Such errors have the potential for affecting durably the performances of a system, and are not always reversible. In addition, the risk of error is increased by the stress introduced by urgency, e.g. when trying to make some room on in storage facilities approaching saturation, or introducing further errors when trying to recover using backup copies.
- Removing more files than wanted
- Removing files in the wrong folder
- Pulling out from a RAID a working disk instead of the faulty one
- Copying and editing a configuration file, not changing all the necessary parameters
- Editing a configuration file into a bad one, having no backup
- Corrupting a database
- Dropping a data tape / a hard disk drive
- Introducing an adjustment with unexpected consequences
- Replacing a correct file or setup from a wrong backup.
Source-code hub GitLab.com is in meltdown after experiencing data loss as a result of what it has suddenly discovered are ineffectual backups. ... Behind the scenes, a tired sysadmin, working late at night in the Netherlands, had accidentally deleted a directory on the wrong server during a frustrating database replication process: he wiped a folder containing 300GB of live production data that was due to be replicated.Commendably, Gitlab made a Google Doc public with a lot of detail about the problem and their efforts to mitigate it:
The operator error revealed the kind of confusion and gradual decay of infrastructure processes that is common when procedures are used only to recover from failures, not as a routine. Backups that are not routinely restored are unlikely to work when you need them. The take-away is that any time you reach for the backups, you're likely already in big enough trouble that your backups can't fix it. I was taught this lesson in the 70s. The early Unix
So in other words, out of 5 backup/replication techniques deployed none are working reliably or set up in the first place. => we're now restoring a backup from 6 hours ago that worked
- LVM snapshots are by default only taken once every 24 hours. YP happened to run one manually about 6 hours prior to the outage
- Regular backups seem to also only be taken once per 24 hours, though YP has not yet been able to figure out where they are stored. According to JN these don’t appear to be working, producing files only a few bytes in size.
- SH: It looks like pg_dump may be failing because PostgreSQL 9.2 binaries are being run instead of 9.6 binaries. This happens because omnibus only uses Pg 9.6 if data/PG_VERSION is set to 9.6, but on workers this file does not exist. As a result it defaults to 9.2, failing silently. No SQL dumps were made as a result. Fog gem may have cleaned out older backups.
- Disk snapshots in Azure are enabled for the NFS server, but not for the DB servers.
- The synchronisation process removes webhooks once it has synchronised data to staging. Unless we can pull these from a regular backup from the past 24 hours they will be lost
- The replication procedure is super fragile, prone to error, relies on a handful of random shell scripts, and is badly documented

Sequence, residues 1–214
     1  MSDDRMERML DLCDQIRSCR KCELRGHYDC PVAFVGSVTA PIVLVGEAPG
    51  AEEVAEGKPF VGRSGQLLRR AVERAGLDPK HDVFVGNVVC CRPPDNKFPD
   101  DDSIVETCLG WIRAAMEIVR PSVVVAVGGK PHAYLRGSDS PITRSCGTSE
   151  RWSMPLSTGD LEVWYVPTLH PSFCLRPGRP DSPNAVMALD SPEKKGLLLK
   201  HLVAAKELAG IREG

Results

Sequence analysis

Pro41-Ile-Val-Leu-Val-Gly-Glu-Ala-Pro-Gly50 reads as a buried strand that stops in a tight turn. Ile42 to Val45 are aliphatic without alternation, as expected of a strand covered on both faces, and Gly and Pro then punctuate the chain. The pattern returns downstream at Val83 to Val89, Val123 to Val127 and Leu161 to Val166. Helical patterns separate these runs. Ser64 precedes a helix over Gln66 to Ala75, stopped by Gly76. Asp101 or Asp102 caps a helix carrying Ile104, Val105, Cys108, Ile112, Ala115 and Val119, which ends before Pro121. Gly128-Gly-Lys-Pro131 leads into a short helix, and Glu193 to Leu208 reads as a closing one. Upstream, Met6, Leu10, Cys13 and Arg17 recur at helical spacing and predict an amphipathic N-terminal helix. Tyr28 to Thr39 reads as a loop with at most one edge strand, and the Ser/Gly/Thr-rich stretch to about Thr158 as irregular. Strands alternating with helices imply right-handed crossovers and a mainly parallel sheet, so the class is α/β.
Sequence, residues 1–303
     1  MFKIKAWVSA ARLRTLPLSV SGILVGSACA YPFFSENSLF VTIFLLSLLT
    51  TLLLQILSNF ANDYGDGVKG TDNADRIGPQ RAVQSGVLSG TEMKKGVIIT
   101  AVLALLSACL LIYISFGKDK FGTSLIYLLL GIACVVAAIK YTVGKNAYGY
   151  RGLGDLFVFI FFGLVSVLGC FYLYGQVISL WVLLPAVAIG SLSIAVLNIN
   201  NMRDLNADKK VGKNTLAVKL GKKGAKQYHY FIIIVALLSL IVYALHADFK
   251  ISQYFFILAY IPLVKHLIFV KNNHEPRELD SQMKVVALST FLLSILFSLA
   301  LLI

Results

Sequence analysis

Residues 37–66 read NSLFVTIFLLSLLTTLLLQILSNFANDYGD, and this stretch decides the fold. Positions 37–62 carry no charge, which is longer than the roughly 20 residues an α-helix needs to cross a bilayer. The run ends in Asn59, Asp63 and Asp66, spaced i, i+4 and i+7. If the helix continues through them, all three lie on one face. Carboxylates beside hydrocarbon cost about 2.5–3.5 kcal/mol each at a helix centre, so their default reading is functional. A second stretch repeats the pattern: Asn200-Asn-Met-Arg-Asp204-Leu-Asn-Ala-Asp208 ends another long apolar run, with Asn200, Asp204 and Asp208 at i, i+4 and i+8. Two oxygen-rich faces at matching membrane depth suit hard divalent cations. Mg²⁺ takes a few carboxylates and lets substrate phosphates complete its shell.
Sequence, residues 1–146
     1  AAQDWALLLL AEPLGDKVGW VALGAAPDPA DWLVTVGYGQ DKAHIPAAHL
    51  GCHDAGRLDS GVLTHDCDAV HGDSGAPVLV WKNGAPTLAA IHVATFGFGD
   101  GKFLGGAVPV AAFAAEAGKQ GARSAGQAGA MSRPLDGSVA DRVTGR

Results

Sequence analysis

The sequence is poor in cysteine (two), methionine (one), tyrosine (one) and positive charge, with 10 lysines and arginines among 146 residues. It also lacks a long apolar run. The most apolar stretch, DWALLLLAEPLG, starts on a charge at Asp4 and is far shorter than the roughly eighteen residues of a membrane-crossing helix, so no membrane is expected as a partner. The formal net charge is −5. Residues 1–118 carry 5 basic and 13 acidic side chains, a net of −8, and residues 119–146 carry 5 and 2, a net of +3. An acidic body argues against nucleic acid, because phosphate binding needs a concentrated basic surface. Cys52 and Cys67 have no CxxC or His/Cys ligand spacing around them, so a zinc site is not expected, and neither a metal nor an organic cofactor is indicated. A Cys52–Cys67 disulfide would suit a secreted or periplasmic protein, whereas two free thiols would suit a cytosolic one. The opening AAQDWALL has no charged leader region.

- SH: We learned later the staging DB refresh works by taking a snapshot of the gitlab_replicator directory, prunes the replication configuration, and starts up a separate PostgreSQL server.
- Our backups to S3 apparently don’t work either: the bucket is empty
- We don’t have solid alerting/paging for when backups fails, we are seeing this in the dev host too now.
dumpcommand failed to check the return value from the
write()call. If you forgot to write-enable the tape by inserting the write ring the dump would appear to succeed, the tape would look like it was spinning, but no data would be written to the backup tape.
Fault injection should be, but rarely is, practiced at all levels of the system. The results of not doing so are shown by UW Madison's work injecting faults into file systems and distributed storage. My blog posts on this topic include Injecting Faults in Distributed Storage, More bad news on storage reliability, and Forcing Frequent Failures.
Update: much as I love Kyoto, as a retiree I can't afford to attend iPRES2017. Apparently, there's a panel being proposed on the "bare minimum" for digital preservation. If I were on this panel I'd be saying something like the following.
We know the shape of the graph of loss probability against cost - it starts at one at zero cost and is an S-curve that gets to zero at infinite cost. Unfortunately, because the major threats to stored data are not amenable to quantitative modeling (see above), and technologies differ in their cost-effectiveness, we cannot actually plot the graph. So there are no hard-and fast answers.
The real debate here is how to distinguish between "digital storage" and "digital preservation". We do have a hard-and-fast answer for this. There are three levels of certification; the Data Seal of Approval (DSA), NESTOR's DIN31644, and TRAC/ISO16363. If you can't even pass DSA then what you're doing can't be called digital preservation.
Especially in the current difficult funding situation, it is important NOT to give the impression that we can "preserve" digital information with ever-decreasing resources, because then what we will get is ever-decreasing resources. Because there will always be someone willing to claim that they can do the job cheaper. Their short-cuts won't be exposed until its too late. That's why certification is important.
We need to be able to say "I'm sorry, but preserving this stuff costs this much. Less money, no preservation, just storage.".